With climate change, the northern part of the United States' humid subtropical zone is getting closer to southern Illinois, and Tuten said she'd be surprised if an entirely new population of Gulf Coast ticks was making its way there each year after being wiped out during the winter.
"It's an evolving story," she said.
Ortega said his staff found the three Gulf Coast ticks in two distinct areas of the Dunham Forest Preserve within a few days as a result of random encounters rather than the newly established way of finding them. To him, the fact none were found by dragging seems like an indication their numbers may still be low.
At this stage, practical ways of combating the Gulf Coast ticks' arrival in Illinois haven't been identified, but Tuten said personal protection should be where the emphasis lies. No one on her team received any bites last year, in spite of the many ticks they encountered in the field.
"It is very important for people to be tick-aware in Illinois," she said.
Repellents and permethrin-treated clothing are among the precautions people can take, though she warned that permethrin is toxic to cats.
Her further advice includes making frequent tick checks and looking at one's clothing while outside and afterward. Showering within two hours and washing clothes are also useful, but she emphasized that it's the heat, not water, that kills ticks.
Both Tuten and Ortega said there may be value in holding onto a tick you've found for identification, either if it's bitten you or for research purposes if it's a Gulf Coast tick.
Ortega said any captured tick can be put in a self-sealed plastic bag in the freezer and shown to a physician if symptoms develop from a bite.
Tuten said the INHS Medical Entomology Lab welcomes submissions of photos of actual ticks for identification purposes and to further its research. For information, visit medical-entomology.inhs.illinois.edu/research/free-tick-identifications.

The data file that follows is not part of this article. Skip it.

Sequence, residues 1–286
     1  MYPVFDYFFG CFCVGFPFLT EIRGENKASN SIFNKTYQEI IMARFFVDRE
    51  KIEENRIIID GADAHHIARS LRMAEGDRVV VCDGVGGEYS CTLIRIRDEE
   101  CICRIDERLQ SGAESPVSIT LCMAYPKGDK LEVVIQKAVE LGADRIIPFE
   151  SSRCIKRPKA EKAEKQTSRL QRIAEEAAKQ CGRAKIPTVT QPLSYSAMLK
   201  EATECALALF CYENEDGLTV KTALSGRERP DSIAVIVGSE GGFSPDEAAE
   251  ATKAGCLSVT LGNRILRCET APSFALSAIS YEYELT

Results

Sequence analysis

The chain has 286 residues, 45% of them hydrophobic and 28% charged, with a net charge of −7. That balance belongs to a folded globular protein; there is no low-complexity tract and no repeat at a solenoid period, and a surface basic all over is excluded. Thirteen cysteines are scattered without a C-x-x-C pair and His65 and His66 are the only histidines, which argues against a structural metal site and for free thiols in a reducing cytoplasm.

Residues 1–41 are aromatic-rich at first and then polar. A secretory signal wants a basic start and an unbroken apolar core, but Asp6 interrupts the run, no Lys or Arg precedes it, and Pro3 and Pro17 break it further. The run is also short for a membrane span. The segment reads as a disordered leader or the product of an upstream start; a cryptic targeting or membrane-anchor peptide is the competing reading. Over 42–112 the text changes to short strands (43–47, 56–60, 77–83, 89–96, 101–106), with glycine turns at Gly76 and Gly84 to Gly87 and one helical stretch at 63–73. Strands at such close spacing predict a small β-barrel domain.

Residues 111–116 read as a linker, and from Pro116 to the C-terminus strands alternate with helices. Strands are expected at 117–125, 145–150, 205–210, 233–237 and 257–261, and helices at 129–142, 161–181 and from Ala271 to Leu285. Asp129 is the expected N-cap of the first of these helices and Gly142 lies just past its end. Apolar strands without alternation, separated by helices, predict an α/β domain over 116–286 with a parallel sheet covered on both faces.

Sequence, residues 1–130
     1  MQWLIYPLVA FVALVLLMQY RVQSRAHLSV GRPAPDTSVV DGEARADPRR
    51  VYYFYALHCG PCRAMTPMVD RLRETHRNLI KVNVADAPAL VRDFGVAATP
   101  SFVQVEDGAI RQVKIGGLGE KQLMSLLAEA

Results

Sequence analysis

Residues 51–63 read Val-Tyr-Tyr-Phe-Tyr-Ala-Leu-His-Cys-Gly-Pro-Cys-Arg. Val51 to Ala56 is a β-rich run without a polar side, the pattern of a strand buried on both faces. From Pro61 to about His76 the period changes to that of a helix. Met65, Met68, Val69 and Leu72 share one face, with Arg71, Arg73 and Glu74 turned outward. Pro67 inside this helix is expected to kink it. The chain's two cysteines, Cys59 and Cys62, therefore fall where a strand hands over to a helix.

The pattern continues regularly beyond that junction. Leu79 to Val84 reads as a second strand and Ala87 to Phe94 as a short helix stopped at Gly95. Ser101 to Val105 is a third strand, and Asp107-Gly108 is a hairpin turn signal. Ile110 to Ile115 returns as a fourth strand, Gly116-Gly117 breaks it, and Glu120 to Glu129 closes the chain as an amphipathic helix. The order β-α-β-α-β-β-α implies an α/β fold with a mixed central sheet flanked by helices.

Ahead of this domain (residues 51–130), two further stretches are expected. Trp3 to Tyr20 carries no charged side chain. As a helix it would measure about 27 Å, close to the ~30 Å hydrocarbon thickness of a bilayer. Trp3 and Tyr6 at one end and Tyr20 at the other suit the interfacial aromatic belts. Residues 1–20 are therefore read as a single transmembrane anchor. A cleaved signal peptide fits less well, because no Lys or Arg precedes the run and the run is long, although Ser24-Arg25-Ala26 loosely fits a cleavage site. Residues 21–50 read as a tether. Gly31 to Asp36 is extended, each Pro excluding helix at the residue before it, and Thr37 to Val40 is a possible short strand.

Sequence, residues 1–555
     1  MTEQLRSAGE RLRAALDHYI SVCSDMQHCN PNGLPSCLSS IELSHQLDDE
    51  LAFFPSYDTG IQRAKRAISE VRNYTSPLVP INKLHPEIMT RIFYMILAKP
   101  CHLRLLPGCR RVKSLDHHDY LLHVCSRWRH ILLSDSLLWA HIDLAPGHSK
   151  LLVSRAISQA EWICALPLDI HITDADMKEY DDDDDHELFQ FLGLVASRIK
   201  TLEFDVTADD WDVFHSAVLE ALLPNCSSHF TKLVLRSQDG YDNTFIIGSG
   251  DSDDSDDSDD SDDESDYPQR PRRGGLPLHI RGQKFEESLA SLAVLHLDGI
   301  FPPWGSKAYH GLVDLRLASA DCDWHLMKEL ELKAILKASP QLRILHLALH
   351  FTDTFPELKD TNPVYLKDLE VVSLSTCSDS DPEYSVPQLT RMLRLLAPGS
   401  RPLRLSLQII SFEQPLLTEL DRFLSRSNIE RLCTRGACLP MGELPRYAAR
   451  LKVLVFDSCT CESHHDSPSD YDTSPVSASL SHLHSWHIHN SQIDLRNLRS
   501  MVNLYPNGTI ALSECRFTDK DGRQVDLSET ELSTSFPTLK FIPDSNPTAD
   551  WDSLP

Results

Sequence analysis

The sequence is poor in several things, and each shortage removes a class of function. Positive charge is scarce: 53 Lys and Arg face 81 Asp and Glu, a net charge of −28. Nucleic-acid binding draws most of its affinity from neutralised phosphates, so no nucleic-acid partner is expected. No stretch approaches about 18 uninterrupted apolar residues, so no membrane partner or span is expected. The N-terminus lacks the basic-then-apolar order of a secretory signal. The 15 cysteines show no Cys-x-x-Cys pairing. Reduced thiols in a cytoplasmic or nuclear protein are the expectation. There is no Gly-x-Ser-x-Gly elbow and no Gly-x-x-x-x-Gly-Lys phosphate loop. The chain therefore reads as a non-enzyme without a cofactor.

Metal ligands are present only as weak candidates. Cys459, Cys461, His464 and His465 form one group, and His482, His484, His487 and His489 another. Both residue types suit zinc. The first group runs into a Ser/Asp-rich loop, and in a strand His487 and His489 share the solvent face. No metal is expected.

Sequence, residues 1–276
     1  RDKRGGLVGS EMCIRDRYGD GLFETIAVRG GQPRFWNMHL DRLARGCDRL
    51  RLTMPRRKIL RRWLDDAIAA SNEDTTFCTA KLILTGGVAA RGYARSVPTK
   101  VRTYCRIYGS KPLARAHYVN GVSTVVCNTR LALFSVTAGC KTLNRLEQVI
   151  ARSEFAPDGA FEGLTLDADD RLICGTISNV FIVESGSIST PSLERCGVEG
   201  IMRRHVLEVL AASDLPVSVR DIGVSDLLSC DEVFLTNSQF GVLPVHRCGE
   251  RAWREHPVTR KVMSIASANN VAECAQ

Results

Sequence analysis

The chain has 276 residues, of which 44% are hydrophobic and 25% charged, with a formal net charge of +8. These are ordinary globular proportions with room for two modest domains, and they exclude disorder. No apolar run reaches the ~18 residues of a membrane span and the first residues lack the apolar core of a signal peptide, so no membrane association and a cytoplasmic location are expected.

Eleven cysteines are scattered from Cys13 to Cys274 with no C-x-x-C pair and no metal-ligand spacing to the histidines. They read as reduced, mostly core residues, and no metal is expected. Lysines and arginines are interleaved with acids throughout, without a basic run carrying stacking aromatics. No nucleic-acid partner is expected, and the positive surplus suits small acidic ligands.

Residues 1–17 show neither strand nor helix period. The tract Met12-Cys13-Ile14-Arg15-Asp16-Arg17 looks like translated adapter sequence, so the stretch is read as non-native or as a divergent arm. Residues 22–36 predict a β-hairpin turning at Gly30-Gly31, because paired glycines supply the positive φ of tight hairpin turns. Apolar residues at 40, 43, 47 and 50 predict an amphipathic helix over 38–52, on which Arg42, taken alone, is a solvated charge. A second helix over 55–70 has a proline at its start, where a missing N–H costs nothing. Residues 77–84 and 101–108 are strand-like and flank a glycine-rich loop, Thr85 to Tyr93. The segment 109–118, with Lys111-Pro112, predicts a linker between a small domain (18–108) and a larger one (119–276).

Taking precautions against ticksThe Forest Preserve District of DuPage County advises people to remain vigilant of ticks when in natural outdoor settings and take precautions to avoid tick bites.
• Walk in the center of trails to avoid brushing up against low-lying vegetation.
• If off trail, tuck shirt into pants, roll pant legs into socks or boots and apply DEET repellent to ankles.
• Wear light-colored clothing in order to detect crawling ticks.
• Check your body for ticks as soon as possible after you have been outdoors. Check again the following morning.
• Treat outdoor pets with tick and flea medications.
• If you find an attached tick, grasp it close to the skin with forceps or sharp tweezers.
• Slowly pull it straight out of the bite by the mouthparts. Do not squeeze the tick body, and do not twist or turn the tool.
• Use antiseptic on the bite site after the tick is removed, and wash your hands.
• Save the tick for identification, and observe the bite site closely over the next few days. See your doctor immediately if you get symptoms such as the "bull's-eye" rash, flu-like symptoms, or other musculoskeletal/nervous system deficiencies.
Source: Forest Preserve District of DuPage County